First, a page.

In a completely different style I saw Imogen Heap perform in PDX [i.e., Portland] at a Music Millennium in-store when her Speak for Yourself album came out. She did a short demo on how she made the various sounds with her synths. It was fascinating and her music was incredibly spacy, exotic, and beautiful. That album is one of the most creative electronic releases I’ve heard in ages.
Lastly, this week I got a new album from Mexico by my old friend Carlos Alvarado, who was in a group during the 80’s called Vía Láctea (“Milky Way”). His new group is called Ensemble Dentro De La Nada (“Ensemble Within the Void”). Perhaps that name change serves as a perfect metaphor to illustrate what’s changed today overall.... The album is an amazing musical amalgam of tribal drums, electronics, exotic percussives, and wind instruments. It’s music as primitive, synthetic ritual, and could only have come from Mexico.
TC: Finally, how do you envision the future of Eurock?
AP: At the doorstep of 40 years spent reviewing, producing, promoting, and selling under the nom-de-plume Eurock, the time has come to go back to the future and do what I love when it comes to music. Today the world has completely changed, so it only follows that Eurock should change as well. As it was in the beginning, my raison d’être will continue to be exploring music of all sorts from around the world and sharing it with all who are willing to listen. The New Eurock will not be a business, but instead a media portal spreading the word in a new and different way.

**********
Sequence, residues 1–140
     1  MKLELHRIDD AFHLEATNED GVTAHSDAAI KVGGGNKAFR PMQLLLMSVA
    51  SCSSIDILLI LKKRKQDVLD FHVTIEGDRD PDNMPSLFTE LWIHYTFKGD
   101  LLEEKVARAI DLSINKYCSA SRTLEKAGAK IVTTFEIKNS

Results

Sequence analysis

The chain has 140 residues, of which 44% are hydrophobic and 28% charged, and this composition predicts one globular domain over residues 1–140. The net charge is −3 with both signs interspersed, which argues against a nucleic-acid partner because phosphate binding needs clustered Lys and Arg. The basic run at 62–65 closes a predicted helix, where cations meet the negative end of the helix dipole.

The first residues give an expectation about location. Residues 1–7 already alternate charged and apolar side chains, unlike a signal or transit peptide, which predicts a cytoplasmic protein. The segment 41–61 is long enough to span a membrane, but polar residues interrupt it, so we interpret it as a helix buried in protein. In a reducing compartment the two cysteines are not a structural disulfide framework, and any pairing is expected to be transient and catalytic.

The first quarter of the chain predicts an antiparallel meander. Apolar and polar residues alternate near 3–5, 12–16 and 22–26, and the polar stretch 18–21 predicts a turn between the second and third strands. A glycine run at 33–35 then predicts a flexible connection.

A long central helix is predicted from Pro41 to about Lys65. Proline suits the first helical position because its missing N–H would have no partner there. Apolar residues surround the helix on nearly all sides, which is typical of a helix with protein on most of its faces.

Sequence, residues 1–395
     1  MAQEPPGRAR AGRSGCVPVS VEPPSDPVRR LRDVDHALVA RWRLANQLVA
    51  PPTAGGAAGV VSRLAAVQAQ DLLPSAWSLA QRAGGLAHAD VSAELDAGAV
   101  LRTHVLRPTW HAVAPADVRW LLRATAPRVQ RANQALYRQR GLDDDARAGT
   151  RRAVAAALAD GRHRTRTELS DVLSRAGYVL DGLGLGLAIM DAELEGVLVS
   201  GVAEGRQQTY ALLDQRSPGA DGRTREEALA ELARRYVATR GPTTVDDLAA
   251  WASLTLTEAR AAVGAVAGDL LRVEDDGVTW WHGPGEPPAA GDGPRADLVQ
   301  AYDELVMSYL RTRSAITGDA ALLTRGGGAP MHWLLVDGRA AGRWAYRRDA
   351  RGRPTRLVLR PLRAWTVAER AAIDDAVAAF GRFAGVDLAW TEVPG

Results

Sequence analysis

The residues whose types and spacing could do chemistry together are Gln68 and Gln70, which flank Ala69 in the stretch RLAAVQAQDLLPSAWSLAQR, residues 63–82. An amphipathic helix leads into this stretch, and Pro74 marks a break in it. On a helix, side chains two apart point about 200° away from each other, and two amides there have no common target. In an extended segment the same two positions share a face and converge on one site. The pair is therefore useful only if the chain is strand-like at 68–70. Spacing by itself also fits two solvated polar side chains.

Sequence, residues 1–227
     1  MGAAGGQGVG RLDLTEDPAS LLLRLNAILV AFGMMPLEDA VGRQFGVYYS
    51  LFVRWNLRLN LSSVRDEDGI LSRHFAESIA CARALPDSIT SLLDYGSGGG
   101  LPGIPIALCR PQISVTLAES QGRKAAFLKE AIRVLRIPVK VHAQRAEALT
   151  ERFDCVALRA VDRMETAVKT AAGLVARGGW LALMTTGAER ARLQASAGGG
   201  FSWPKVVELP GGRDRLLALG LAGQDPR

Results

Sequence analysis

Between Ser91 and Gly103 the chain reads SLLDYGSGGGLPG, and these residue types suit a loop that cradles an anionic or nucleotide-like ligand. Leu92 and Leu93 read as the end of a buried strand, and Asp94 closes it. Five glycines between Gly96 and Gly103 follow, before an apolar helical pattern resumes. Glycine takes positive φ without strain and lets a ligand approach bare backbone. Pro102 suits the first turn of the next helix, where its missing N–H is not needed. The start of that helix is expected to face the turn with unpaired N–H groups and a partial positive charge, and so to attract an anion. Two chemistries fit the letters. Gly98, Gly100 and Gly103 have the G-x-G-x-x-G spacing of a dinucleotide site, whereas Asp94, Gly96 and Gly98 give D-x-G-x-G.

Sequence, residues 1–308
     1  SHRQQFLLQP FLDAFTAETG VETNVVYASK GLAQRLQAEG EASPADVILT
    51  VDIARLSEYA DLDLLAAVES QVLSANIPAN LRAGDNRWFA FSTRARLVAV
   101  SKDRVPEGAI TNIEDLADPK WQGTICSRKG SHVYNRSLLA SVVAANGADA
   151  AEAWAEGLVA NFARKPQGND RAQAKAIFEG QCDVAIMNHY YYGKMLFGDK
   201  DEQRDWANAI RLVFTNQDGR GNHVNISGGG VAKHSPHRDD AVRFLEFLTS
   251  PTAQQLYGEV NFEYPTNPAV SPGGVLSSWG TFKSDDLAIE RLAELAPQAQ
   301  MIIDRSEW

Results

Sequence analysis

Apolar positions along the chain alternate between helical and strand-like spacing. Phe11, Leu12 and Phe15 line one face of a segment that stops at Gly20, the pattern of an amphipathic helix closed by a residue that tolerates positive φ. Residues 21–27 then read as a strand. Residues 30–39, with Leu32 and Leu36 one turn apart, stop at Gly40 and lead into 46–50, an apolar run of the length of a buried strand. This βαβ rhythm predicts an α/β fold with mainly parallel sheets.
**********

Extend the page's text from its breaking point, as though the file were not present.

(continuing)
Initially, that includes making the podcasts, audio, and video more frequent, extensive, and readily available via other channels. In conjunction, eurock.com will be reincarnated as a webzine with reviews and interviews designed to coordinate with the podcasts. The intent is to create a production for artists that they can use to promote their work. Incorporated into that will be direct links to the artists, so they can communicate with their audience. This combination of promotion and marketing will serve as a vehicle for music lovers and artists to directly explore the many possibilities of the best music on the Net. The old model of centralized distribution is outdated and a new paradigm is called for. There are other interesting innovations and special projects being planned for this next year as well. So once again I’m excited about what lies ahead….